O'Reilly, Michael W et al. “Serum testosterone, sex hormone-binding globulin and sex-specific risk of incident type 2 diabetes in a retrospective primary care cohort.” Clinical endocrinology vol. 90,1 (2019): 145-154. doi:10.1111/cen.13862
Ramachandran, S et al. “The association of sex hormone-binding globulin with mortality is mediated by age and testosterone in men with type 2 diabetes.” Andrology vol. 6,6 (2018): 846-853. doi:10.1111/andr.12520
Simons, Pomme I H G et al. “Sex hormone-binding globulin: biomarker and hepatokine?.” Trends in endocrinology and metabolism: TEM vol. 32,8 (2021): 544-553. doi:10.1016/j.tem.2021.05.002
Thaler, Markus A et al. “The biomarker sex hormone-binding globulin - from established applications to emerging trends in clinical medicine.” Best practice & research. Clinical endocrinology & metabolism vol. 29,5 (2015): 749-60. doi:10.1016/j.beem.2015.06.005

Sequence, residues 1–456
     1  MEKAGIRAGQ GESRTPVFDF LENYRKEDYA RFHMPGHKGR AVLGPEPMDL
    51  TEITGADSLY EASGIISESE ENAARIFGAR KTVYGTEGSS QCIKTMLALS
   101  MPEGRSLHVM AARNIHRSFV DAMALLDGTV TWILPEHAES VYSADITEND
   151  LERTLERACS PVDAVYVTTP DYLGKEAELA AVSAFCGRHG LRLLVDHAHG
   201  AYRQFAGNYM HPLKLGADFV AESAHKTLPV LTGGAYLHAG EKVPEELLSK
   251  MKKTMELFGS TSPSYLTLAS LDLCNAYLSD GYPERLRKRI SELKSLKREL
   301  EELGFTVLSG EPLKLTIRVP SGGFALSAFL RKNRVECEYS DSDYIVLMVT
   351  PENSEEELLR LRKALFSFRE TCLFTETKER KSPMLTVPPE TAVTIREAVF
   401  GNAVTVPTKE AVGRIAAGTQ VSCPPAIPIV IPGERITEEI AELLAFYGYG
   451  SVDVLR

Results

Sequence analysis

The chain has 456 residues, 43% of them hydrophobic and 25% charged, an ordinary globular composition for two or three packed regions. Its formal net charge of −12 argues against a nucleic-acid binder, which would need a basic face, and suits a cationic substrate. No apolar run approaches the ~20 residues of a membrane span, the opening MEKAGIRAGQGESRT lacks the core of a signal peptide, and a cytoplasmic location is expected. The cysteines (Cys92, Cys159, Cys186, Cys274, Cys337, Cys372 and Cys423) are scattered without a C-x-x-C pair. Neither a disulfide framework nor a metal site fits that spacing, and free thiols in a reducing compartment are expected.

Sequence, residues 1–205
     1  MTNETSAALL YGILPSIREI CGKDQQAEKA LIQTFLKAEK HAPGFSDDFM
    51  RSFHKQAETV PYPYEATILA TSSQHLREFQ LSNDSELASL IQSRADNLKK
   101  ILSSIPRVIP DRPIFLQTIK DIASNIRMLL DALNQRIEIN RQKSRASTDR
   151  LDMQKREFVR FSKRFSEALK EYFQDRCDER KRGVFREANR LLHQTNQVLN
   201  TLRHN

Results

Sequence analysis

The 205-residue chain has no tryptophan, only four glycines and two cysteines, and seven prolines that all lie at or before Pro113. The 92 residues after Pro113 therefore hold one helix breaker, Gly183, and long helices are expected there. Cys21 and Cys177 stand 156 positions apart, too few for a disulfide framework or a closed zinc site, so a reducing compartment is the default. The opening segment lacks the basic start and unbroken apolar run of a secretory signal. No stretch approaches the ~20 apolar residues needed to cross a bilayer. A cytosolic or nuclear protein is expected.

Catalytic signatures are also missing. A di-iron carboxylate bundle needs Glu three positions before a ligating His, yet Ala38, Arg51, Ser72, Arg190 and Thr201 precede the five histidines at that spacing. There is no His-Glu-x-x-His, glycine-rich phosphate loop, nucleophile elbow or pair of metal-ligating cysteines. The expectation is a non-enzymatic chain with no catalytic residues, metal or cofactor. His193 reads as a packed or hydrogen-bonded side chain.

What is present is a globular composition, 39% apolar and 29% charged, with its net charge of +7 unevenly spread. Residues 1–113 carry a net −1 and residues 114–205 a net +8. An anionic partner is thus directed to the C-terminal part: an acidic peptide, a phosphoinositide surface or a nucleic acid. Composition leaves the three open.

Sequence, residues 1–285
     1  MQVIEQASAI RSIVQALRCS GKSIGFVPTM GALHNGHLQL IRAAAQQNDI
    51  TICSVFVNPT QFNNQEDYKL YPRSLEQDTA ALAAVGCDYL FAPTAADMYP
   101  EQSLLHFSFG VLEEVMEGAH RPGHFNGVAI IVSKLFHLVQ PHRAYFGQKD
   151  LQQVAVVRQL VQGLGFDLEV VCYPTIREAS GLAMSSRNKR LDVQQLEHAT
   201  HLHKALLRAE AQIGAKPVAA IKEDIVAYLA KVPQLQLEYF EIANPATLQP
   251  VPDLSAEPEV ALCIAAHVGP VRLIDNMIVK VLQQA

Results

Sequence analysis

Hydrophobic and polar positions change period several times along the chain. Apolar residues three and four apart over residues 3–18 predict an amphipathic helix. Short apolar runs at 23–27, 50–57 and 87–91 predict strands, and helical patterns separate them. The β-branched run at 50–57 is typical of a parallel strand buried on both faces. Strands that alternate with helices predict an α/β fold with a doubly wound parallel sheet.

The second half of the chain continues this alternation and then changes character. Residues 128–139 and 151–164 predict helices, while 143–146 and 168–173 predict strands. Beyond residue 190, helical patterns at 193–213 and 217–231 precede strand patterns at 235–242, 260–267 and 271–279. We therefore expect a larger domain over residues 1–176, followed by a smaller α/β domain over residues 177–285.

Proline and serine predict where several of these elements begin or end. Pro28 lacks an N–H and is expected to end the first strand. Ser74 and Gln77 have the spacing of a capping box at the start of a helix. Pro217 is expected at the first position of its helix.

Wallace, Ian R et al. “Sex hormone binding globulin and insulin resistance.” Clinical endocrinology vol. 78,3 (2013): 321-9. doi:10.1111/cen.12086
Wang, Yutang. “Definition, Prevalence, and Risk Factors of Low Sex Hormone-Binding Globulin in US Adults.” The Journal of clinical endocrinology and metabolism vol. 106,10 (2021): e3946-e3956. doi:10.1210/clinem/dgab416
Weinberg, Melissa E et al. “Low sex hormone-binding globulin is associated with the metabolic syndrome in postmenopausal women.” Metabolism: clinical and experimental vol. 55,11 (2006): 1473-80. doi:10.1016/j.metabol.2006.06.017